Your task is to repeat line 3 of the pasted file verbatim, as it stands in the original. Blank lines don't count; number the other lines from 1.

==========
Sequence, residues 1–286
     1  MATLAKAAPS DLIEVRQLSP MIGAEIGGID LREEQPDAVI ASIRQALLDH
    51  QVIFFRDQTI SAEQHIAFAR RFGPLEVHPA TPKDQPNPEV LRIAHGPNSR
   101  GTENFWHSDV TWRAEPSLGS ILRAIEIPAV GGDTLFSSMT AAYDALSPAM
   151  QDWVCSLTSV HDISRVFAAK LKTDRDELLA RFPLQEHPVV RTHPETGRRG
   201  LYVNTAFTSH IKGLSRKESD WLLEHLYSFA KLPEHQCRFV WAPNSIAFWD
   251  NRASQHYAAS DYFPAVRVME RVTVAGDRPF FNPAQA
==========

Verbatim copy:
    51  QVIFFRDQTI SAEQHIAFAR RFGPLEVHPA TPKDQPNPEV LRIAHGPNSR